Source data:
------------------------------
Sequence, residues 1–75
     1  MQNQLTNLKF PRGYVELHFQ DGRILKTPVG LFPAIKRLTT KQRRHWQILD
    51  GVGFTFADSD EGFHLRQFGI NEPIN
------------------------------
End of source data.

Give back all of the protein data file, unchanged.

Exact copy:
Sequence, residues 1–75
     1  MQNQLTNLKF PRGYVELHFQ DGRILKTPVG LFPAIKRLTT KQRRHWQILD
    51  GVGFTFADSD EGFHLRQFGI NEPIN